Free Radical’s time travelling shooter predicted the future

“It was ahead of its time, and now it’s stuck in it.”



One series remains trapped in time, a relic held in a stasis of circumstance and corporate reluctance. It seems forever stuck in the mud of its sixth-generation origins, defined as much by its inability to move than its ability to enthral. A series that turned out to be as prophetic as it was preservationist.

But the history of what got stuck where and why is only the first part of its story. That story in a sentence or two: staff from GoldenEye-developer Rare splintered into Free Radical who, after the commercial failure of PS3-exclusive Haze, was bought and turned into Crytek UK.

In doing so, Crytek obtained that time-trapped series: TimeSplitters. There it remained dormant until it was ultimately acquired by Embracer Group.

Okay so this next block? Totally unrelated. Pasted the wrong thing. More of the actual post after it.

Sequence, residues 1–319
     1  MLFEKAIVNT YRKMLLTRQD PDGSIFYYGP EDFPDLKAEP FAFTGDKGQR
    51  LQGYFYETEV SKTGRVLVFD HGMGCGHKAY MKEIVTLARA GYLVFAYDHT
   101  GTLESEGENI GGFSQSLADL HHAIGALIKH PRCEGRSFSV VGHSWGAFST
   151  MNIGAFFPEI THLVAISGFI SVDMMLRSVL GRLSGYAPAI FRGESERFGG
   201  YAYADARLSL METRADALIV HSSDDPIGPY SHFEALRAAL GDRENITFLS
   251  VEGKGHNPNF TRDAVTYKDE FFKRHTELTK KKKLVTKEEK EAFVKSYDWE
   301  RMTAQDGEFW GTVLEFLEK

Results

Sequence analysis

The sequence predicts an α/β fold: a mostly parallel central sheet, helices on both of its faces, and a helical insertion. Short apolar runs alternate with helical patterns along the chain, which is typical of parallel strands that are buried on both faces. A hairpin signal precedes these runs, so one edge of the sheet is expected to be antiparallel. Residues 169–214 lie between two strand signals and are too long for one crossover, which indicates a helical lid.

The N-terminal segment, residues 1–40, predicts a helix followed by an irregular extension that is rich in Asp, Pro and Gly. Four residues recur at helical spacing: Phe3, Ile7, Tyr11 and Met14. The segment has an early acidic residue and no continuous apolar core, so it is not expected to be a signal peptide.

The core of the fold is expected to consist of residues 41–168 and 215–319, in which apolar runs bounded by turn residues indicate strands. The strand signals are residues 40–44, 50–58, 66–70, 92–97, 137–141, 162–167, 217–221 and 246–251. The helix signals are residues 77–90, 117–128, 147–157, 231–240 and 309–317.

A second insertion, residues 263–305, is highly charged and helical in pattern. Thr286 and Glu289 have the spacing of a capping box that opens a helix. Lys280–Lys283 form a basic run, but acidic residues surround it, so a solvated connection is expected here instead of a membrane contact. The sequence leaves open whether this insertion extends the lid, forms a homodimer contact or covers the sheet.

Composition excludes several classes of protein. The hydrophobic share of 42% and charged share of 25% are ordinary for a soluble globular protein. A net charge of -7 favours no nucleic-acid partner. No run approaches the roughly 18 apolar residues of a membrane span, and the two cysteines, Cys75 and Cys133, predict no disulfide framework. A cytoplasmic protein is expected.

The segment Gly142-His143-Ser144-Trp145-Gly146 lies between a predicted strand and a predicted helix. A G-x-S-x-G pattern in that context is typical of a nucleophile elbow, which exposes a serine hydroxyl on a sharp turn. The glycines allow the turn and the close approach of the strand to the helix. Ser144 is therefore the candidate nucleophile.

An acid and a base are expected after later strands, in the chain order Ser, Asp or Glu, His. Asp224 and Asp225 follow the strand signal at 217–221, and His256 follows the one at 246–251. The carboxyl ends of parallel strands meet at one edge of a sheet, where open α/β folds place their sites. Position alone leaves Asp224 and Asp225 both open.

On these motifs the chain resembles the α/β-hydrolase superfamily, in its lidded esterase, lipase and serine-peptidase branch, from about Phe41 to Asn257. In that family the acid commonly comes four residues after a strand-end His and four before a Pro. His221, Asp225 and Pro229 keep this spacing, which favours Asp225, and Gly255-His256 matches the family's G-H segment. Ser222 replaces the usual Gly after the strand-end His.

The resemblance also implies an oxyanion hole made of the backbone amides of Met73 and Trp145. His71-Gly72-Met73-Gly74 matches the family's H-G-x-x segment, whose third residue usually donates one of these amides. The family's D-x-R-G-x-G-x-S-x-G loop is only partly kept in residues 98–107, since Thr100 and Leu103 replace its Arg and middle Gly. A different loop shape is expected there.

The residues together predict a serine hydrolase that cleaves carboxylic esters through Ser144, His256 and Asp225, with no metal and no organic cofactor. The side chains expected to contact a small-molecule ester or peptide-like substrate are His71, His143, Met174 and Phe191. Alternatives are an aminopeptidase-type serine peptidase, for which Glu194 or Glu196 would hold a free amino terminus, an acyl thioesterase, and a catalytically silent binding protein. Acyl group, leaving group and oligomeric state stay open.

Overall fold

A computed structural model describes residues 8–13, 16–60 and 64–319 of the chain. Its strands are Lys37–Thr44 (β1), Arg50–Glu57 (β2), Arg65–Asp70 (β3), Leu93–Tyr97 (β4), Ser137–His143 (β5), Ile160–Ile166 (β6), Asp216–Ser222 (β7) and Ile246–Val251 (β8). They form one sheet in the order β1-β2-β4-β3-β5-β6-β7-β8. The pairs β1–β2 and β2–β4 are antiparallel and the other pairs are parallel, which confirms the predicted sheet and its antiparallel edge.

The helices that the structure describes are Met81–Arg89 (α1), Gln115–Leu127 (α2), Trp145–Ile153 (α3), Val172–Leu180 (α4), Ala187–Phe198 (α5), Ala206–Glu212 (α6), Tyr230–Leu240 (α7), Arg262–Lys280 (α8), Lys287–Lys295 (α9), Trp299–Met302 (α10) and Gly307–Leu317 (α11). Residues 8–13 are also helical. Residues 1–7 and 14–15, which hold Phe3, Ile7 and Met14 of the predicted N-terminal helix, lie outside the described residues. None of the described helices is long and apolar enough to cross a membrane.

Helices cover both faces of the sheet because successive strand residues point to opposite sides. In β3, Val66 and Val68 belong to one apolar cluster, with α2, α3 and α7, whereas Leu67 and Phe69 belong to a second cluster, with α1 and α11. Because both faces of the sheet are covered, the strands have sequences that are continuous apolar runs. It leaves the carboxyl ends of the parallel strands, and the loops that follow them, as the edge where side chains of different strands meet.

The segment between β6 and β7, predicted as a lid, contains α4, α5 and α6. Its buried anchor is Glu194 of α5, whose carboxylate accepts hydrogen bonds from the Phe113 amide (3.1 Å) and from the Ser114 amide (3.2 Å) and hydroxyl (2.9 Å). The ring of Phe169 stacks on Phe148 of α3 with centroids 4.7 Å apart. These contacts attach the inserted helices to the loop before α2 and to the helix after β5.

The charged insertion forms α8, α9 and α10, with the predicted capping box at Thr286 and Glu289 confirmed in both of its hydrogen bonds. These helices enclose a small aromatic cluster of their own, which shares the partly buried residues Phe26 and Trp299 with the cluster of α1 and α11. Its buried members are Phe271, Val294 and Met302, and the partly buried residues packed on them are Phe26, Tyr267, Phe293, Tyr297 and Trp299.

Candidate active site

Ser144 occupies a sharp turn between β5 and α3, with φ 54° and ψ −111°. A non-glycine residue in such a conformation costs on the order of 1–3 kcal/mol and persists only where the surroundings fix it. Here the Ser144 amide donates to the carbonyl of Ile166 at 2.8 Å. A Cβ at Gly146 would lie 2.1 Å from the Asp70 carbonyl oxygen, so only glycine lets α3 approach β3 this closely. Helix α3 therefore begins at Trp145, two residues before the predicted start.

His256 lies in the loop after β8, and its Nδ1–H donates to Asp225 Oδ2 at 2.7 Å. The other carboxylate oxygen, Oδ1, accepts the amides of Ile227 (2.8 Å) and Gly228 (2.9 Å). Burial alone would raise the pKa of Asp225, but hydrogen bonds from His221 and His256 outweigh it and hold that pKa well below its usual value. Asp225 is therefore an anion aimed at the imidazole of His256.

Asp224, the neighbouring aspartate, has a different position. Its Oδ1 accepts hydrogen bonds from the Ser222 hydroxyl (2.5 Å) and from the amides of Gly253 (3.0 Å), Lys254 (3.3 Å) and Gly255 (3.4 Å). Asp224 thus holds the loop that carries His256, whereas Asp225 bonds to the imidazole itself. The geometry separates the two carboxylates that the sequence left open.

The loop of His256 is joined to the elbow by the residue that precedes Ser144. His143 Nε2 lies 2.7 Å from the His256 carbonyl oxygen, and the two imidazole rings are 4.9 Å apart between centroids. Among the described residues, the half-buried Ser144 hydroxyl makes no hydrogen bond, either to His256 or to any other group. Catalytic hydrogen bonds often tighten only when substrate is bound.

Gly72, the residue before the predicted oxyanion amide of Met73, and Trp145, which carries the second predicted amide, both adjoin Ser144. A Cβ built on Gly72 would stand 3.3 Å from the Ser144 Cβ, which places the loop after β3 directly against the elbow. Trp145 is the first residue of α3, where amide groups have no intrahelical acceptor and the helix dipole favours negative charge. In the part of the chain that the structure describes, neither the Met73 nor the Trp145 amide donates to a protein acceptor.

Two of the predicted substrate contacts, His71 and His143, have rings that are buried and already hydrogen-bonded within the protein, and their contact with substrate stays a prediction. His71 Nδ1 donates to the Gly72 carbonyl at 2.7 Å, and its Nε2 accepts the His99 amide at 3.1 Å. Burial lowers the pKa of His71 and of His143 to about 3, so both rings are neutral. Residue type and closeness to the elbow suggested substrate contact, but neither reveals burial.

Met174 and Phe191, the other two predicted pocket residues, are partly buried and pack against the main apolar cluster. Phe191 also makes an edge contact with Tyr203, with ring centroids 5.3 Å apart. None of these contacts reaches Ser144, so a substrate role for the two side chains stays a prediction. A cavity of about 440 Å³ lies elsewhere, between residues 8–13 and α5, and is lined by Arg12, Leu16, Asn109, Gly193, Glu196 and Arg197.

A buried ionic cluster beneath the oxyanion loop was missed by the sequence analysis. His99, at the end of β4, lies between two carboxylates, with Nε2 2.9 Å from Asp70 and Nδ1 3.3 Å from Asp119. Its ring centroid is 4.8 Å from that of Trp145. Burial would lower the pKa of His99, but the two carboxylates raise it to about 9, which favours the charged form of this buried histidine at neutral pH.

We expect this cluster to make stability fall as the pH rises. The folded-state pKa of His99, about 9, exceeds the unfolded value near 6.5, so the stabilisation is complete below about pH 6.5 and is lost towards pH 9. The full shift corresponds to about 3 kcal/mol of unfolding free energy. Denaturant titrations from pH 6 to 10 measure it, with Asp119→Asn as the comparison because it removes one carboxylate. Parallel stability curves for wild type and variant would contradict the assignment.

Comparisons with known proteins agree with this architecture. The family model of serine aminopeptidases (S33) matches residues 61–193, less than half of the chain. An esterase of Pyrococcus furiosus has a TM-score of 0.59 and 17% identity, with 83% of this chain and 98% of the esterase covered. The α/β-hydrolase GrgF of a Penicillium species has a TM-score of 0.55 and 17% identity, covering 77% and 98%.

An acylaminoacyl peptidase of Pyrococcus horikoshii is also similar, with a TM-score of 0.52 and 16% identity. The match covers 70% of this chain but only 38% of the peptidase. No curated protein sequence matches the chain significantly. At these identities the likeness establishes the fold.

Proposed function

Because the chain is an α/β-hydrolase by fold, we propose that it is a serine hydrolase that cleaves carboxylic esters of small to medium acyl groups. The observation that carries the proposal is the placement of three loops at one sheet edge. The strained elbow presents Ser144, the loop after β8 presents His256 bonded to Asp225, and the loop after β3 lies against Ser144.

Where it still remains dormant.

That’s a real tragedy, too. Character attributes, customised game modes, map creation — features that would later become defining pillars of first-person shooters like Halo, Overwatch, and Far Cry — are something TimeSplitters did as a matter of course. It was ahead of its time, and now it’s stuck in it.

Revisit TimeSplitters today and it feels like an amalgamation of, well, everything. A touch of Halo in its open mission design, large sprinklings of Quake in its fast, frenetic gunplay — and a dollop of Black Ops with its zombie-zapping antics. It all feels a bit too familiar: you either see traits of shooters to come or traits of shooters past. TimeSplitters passes the baton from one era to the next, while celebrating those who came before it. Part nostalgia, part muse, part prophecy.

TimeSplitters 2 in particular is a game between worlds. Not quite a free-aim shooter like the modernity of Halo, not quite a single-axis shooter like classic DOOM — instead entertaining a middle ground with Free Radical’s equivalent of aiming down the sights, allowing you to aim independently of movement. It feels nearly almost modern, nearly almost old.